We are living in a foreign country. We have flown a handful of international courtesy flags off of our starboard flag halyard this year, but the Dominican Republic is the farthest we have been from the US yet…by a long shot. We speak Spanish, we eat fried vegetables, we drink El Presidente, and we absolutely love every minute of it.
We knew that this was going to be a wild experience from the moment we dropped the hook here in Bahía de Luperón. Every time we enter/exit a new country, we have to perform what I call the “customs dance”. Usually this consists of raising our q-flag, seeking out the customs office ashore to get our passports stamped and pay any fees, and returning to the boat to lower the q-flag and raise the appropriate courtesy flag. Done and done.
They do things a little different in these parts. We raised our yellow quarantine flag (q-flag) and waited for the navy to come out and board Stella Blue. We waited, tidied up the boat, waited, finished our coffee, and waited some more. Finally we decided to head to shore to get things moving. This is when things started to feel foreign. We found the immigration office (trailer) at the end of the government dock and as we walked inside, chairs were brought in right behind us. We answered the normal questions and filled out the normal paperwork…entirely in Spanish. The immigration official didn’t speak much English – luckily Logan and I activated the Spanish part of our brains and everything went pretty smoothly. We were told to move onto the next office – the department of agriculture. We walked out of one door in the trailer and into the next – and our chairs followed us! We paid those fees, received our paperwork and were then escorted to the tourism office. Yep – same trailer, different door, and same chairs Next we went in search of the navy to get Stella Blue inspected. After we crossed a rickety old bridge in search of the Commandante we were told that he was out and would find us. Before we knew it the four of us, the Stella Blue crew, a narcotics officer, and a uniformed navy man, were piled in Princess Ding-a-ling slowly making our way back to Stella Blue.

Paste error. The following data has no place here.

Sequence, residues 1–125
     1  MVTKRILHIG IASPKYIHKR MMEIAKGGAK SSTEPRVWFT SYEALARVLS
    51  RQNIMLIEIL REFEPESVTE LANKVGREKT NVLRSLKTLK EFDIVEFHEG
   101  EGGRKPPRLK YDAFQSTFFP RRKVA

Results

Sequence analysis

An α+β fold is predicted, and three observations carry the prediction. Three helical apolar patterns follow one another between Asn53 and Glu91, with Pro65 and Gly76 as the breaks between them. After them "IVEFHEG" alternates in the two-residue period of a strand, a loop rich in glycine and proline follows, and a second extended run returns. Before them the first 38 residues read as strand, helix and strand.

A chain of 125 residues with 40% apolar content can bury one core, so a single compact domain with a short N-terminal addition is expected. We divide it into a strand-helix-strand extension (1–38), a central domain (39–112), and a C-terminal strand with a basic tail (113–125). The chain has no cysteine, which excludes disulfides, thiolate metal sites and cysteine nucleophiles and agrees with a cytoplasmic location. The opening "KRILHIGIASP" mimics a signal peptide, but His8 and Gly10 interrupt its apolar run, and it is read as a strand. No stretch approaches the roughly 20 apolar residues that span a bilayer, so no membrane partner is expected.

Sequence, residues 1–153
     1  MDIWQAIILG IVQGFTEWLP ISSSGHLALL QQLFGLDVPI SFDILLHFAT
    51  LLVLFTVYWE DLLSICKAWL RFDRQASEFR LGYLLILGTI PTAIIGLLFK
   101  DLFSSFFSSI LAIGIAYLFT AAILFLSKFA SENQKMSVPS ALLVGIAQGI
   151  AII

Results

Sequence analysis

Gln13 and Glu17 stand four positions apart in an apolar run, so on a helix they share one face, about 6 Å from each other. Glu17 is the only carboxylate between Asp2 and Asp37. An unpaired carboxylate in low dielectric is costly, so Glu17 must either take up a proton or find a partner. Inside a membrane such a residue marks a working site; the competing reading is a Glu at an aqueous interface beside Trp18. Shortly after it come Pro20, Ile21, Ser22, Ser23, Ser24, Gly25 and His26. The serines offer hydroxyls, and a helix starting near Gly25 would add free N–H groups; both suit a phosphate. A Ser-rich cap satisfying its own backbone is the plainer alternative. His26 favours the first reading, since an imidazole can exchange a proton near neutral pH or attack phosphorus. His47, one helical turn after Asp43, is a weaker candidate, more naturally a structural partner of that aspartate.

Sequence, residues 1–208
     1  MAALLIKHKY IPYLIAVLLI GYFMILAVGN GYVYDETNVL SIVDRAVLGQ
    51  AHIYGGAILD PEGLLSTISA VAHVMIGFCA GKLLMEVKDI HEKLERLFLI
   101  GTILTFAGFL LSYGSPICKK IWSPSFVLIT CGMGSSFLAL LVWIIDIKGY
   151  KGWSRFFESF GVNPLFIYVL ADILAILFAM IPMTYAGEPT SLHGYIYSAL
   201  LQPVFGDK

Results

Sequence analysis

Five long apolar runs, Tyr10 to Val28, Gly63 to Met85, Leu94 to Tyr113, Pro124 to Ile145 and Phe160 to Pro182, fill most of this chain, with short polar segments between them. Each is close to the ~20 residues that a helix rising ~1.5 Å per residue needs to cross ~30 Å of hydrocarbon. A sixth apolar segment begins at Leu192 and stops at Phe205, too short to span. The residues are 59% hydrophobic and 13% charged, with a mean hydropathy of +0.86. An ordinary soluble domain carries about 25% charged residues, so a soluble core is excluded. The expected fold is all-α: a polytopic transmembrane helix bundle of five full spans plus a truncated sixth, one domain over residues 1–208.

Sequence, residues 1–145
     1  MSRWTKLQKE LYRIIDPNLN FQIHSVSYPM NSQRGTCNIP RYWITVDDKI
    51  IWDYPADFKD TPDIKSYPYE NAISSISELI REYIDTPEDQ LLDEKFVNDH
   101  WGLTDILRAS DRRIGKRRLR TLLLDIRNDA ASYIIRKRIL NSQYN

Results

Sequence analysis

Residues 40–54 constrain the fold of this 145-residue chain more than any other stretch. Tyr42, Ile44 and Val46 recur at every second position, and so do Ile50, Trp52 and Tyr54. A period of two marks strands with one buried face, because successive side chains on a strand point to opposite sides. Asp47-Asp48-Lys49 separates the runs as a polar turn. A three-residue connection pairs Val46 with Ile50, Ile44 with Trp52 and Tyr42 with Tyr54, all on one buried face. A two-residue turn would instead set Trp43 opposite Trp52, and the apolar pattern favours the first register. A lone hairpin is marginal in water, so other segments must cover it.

We offered beverages and sat in our cockpit to complete the remaining paperwork. We talked baseball (a national obsession here) and children…again entirely in Spanish, before we paid the “propinas” and took them back to the dock. We finally put up our Dominican Republic courtesy flag which completed the lengthy check in process. Nothing was too difficult or too expensive and everyone we talked to was crazy friendly, but this customs dance was definitely more intricate than we were used to. We sat in the cockpit grinning at each other, “Cool – totally new place.”
We took a short vacation to Puerta Plata to visit our friends Hunter and Sarah at Gran Ventana on Playa Dorada. The resort was great, but we are easy to please these days. Hot showers and cool air-conditioning are luxuries – throw in some pool time and we’re more than content. It was interesting to see how different the country looks from behind the gates of a resort facility – a little less Spanish and a lot more…manicured.
Luperon isn’t a huge place, but it has all of the essentials. One of the best things about this place is that all of the stuff we usually have to work to find/get done is delivered straight to our boat by Papo and Pedro (our laundry is getting washed as we speak!….I hope). We have popped our heads in lots of the town shops and spent time at our new friend Yoel’s house. If we were planning to spend another hurricane season “inside the box,” we would stay right here. It also feels good to finally be here since we basically spent two months last year in Georgetown looking for the right weather to get here – luckily it doesn’t disappoint.